Given even these few, but reasonably solid, data points at just 90 minutes a day, one might think you're maybe too "productive"! I suspect that unless one is an academic working at something consistently nearly full time, most are more likely to be in the 1-3 notes a day average output at best. On a per hour basis Luhmann was close to 0.75 cards while you're at 0.53 cards. Knowing this, perhaps the best advice is to slow down a bit and focus on quality over quantity. This combined with continued consistency will probably serve your enterprise much better in the long run than in focusing on card per hour or card per day productivity.

      Internal idea generation/creation productivity will naturally compound over time as your collection grows and you continue to work with it. This may be a better sort of productivity to focus on in the long term compared with short term raw inputs.

      Another useful tidbit that some neglect is the level of quality and diversity of the reading (or other) inputs you're using. The better the journal articles and books you're reading, the more value and insight you're likely to find and generate more quickly over time.

    1. Local libraries must be full of index card cabinets. Everything going digital, they might be willing to give them away or sell.

      reply to TurnipMonkey

      They're not as easy to come by as you might think, though they pop up from time to time. Given shipping costs, you're definitely better off finding something locally if you can.

      OCLC started digital shared cataloging in 1971. The peak for pre-printed library catalog cards was in 1985, and they quit printing cards in bulk in 2015 after shipping more than 1.9 billion cards during that time.<sup>[1]</sup>

    2. I just frowned at my cardboard boxes.I’m aiming to build something similar out of wood soon. But I also had an idea to build a bookshelf with drawers incorporated, a row of vertical draws on both sides of the shelf and/or one down the middle. Ideally creating book cubbies between the drawers where I could organize related books next to appropriate zettles. Not sure how attached to that idea I am though, seems like something I will like for the moment and find very novel in the future (pun certainly intended).

      reply to GnauticalGnorman

      Don't frown at cardboard. Everyone starts their journey with a single card and a humble box. Filling up a first box is an accomplishment that gives you time to dream about the box you want to have.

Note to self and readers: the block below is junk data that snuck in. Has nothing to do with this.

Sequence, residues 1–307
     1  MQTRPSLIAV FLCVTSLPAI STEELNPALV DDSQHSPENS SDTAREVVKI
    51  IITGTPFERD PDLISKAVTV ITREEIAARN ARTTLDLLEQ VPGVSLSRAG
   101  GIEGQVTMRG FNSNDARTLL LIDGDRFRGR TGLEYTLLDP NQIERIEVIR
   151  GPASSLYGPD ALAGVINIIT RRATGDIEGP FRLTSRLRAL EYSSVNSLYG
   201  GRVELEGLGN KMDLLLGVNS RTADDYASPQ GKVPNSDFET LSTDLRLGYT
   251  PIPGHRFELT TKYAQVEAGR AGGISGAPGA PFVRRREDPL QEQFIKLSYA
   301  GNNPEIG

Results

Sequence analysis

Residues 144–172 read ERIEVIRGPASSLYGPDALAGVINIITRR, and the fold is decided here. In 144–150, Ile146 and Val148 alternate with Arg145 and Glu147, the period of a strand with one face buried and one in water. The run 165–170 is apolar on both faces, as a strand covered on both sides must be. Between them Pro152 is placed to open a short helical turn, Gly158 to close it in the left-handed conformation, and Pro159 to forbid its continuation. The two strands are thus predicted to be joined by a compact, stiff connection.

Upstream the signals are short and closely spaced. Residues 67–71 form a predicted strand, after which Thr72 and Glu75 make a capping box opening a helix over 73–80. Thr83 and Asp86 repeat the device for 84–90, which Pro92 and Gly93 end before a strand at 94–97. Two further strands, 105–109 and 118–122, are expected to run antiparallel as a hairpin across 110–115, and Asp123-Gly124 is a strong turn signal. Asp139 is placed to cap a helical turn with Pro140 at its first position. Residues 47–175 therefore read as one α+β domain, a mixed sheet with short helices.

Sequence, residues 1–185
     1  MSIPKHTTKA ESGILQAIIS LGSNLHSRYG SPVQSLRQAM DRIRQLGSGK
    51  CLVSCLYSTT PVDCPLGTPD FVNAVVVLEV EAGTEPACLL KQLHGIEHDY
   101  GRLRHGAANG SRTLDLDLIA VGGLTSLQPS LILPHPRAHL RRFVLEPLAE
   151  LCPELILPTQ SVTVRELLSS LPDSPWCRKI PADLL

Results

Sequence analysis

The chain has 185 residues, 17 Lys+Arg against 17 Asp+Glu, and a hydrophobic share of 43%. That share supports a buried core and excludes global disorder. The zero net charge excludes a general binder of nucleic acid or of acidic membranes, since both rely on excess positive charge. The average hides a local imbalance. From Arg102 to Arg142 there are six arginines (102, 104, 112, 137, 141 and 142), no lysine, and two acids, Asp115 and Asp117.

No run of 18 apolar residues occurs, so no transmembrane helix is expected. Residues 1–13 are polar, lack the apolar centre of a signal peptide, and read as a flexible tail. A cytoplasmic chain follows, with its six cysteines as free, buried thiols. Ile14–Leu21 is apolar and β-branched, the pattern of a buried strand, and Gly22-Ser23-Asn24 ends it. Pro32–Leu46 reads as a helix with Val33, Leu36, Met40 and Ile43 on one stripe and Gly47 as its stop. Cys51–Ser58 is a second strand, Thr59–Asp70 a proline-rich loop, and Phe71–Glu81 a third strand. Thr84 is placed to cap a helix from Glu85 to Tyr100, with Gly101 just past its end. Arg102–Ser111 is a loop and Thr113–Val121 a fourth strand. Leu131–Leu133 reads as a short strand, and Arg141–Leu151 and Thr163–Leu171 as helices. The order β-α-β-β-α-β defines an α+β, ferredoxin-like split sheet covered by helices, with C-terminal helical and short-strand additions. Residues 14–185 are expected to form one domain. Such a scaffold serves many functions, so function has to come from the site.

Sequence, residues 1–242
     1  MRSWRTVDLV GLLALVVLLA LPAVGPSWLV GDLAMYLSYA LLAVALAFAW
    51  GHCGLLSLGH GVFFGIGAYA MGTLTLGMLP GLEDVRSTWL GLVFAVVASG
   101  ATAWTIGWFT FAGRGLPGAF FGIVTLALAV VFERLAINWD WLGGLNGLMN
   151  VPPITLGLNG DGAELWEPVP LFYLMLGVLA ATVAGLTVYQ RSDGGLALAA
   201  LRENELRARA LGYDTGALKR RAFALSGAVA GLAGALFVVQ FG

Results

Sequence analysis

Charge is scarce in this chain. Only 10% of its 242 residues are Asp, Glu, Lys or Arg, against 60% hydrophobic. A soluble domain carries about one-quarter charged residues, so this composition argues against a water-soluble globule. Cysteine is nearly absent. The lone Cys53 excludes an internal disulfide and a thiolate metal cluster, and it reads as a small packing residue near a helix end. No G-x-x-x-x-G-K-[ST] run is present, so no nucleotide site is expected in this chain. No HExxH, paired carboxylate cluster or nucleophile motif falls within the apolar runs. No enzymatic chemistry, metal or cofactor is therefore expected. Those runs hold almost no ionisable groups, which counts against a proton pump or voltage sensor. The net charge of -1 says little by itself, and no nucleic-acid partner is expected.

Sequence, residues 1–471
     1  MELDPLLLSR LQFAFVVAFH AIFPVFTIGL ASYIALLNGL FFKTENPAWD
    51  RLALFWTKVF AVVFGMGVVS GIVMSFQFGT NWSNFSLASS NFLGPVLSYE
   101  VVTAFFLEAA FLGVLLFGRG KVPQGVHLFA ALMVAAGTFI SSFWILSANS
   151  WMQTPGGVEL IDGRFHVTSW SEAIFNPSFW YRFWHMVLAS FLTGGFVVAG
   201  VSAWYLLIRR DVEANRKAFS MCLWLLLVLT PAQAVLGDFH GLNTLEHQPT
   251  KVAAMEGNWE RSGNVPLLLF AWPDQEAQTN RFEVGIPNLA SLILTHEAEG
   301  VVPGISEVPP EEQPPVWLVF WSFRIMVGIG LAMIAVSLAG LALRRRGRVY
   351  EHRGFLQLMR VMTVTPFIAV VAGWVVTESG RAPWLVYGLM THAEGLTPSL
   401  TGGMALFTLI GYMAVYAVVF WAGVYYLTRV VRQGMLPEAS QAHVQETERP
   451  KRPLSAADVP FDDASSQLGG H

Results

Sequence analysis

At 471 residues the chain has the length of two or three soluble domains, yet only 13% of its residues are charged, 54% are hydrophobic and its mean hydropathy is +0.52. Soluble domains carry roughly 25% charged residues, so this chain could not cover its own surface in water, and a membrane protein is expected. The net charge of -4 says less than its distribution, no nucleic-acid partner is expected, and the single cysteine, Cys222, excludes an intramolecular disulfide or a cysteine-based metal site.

Of potential interest, the cost of index cards to fill these files will be almost the investment in the box itself. Is this similar to the rule of thumb in the art world that the price of the frame should reflect the investment in the artwork?

    1. Fiona McPherson has some good suggestions/tips in her book on Effective Notetaking. In general it revolves around using relevant icons for your illustrations and limiting your supporting text of the diagrams. (I.e. Have a good icon that explains the process and only 2-4 words paired with the icon).

      I haven't delved into McPherson's work yet, but it's in my pile. She's one of the few people who've written about both note taking and memory, so I'm intrigued. I take it you like her perspective? Does she delve into any science-backed methods or is she coming from a more experiential perspective?

  4. Jul 2022
    1. I'll push back on this a bit. I suspect that even though one might create multiple links to digital notes in all directions like this, it really doesn't happen happen at scale like this in practice.

      I'd be willing to guess that very few people in the digital space are linking their ideas to more than two or three others. In fact, I suspect that if you looked at many digital ZKs you'd find a lot of orphaned notes floating around.

      Separately, even in the analog space, the two links (down or forward) isn't always correct either. I cross link all over the place. The one constant benefit of the analog is that you're generally required to create at least one link because you have to place the card somewhere, and this isn't the case in most digital contexts/tools.

      I'd posit that it's a lot of work to link a new idea into your system once much less in multiple places. Generally the more ideas you can link/cross-link it to, the more likely you'll run across it in the future and have potential to reuse it. I'd also suggest that the more links it's got, the better you'll "own" it. These addition links will also allow you to better compare/contrast various ideas by juxtaposing them in the future.

      Theorem: more (good/great) links = more complexity which yields more "life", serendipity, and surprise to be found in your slip box for future use.